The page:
Auto sector crisis: Amid dip in revenue, govt may not cut tax to spur demand; carmakers should be ready to compromise on price front

  • This week, Maruti Suzuki's top official claimed people were still buying cars with an aspirational aspect

  • The Ola and Uber factor may not be strong to contribute to the current state of slowdown, he said

  • The industry has been consistently lobbing the ball into the government court, including asking for cuts in taxes like GST

Last week, I wrote asking why India Inc did not see this economic slowdown coming.

I also wondered why the frontline processes and people did not either see or report changes in customer behaviour if so. And if they did then what did HQ do about it? These are self-reflective questions for all of us, not just for me as a financial journalist to pose to companies.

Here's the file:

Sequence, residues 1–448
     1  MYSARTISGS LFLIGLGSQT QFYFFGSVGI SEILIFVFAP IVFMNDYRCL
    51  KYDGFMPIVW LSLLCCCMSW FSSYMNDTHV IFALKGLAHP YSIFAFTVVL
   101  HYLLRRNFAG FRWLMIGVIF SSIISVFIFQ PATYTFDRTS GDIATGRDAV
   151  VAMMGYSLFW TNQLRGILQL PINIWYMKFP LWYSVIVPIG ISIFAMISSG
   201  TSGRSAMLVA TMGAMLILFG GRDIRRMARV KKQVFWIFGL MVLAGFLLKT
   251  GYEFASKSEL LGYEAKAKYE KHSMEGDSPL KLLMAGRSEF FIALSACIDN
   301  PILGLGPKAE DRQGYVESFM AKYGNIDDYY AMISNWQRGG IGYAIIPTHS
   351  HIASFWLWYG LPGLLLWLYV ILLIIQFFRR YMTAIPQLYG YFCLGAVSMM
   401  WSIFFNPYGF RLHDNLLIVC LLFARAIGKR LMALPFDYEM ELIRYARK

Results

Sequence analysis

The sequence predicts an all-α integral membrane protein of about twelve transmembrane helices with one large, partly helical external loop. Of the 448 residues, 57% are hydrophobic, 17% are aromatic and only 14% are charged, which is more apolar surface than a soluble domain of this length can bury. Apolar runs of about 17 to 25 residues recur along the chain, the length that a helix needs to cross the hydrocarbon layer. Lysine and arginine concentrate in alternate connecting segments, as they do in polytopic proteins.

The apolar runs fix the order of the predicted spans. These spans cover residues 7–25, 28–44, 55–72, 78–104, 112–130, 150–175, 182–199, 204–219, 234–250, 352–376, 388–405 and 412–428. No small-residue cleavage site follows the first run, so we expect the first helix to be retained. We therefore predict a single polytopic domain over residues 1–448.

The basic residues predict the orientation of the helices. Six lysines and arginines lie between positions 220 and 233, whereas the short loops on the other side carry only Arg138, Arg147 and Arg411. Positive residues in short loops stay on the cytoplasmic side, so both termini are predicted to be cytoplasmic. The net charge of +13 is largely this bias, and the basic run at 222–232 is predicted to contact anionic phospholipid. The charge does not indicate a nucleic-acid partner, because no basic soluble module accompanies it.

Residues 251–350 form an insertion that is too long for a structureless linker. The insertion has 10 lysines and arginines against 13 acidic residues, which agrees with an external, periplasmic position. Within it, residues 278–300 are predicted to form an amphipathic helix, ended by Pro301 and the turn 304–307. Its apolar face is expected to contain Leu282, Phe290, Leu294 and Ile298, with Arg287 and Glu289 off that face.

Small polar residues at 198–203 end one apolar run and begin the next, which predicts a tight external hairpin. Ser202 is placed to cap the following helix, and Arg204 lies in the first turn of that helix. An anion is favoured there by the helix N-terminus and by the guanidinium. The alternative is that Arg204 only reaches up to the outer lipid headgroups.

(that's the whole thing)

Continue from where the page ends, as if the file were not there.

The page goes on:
A common reaction to the slowdown in automotive sales has been the Uber + Ola phenomenon — millennials are not buying cars and generally prefer to be asset-light in their existence. There is a lot of anecdotal evidence that supports this theory but unfortunately very little broad-based data.

This week, Maruti Suzuki's executive director — marketing & sales, Shashank Srivastava, responded (finally) claiming India's ownership patterns had not really changed and people were still buying cars with an 'aspirational aspect'. The Ola and Uber factor may not be strong to contribute to the current state of slowdown, he told PTI.

He also pointed out that India's auto sector had seen its best growth in the 7-8 years that Uber and Ola came into existence. "So what happened only during the last few months that the downturn became so severe ?" he asked. He also pointed out that the US market is also growing despite Uber having a strong presence there.